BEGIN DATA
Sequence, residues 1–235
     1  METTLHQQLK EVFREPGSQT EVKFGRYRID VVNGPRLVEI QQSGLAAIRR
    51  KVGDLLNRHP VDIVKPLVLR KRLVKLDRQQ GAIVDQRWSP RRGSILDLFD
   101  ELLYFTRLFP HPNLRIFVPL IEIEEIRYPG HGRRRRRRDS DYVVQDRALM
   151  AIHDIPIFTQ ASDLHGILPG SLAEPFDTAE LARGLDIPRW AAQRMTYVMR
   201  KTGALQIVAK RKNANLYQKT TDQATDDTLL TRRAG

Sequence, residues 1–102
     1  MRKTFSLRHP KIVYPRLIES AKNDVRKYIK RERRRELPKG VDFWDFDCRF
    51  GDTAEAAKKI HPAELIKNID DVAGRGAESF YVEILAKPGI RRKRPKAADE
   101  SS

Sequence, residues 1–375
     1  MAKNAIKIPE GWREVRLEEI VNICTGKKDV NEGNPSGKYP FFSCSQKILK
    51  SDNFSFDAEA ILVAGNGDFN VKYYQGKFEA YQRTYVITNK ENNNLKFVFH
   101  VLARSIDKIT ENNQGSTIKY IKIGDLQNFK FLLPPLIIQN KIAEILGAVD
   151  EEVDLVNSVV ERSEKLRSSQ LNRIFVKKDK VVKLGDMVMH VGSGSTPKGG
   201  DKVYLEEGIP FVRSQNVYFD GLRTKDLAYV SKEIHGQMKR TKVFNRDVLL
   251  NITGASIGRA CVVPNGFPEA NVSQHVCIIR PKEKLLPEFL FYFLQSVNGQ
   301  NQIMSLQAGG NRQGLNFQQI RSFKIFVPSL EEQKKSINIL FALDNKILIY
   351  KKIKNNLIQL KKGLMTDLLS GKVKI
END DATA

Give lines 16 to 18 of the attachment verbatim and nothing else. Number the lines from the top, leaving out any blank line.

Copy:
   201  DKVYLEEGIP FVRSQNVYFD GLRTKDLAYV SKEIHGQMKR TKVFNRDVLL
   251  NITGASIGRA CVVPNGFPEA NVSQHVCIIR PKEKLLPEFL FYFLQSVNGQ
   301  NQIMSLQAGG NRQGLNFQQI RSFKIFVPSL EEQKKSINIL FALDNKILIY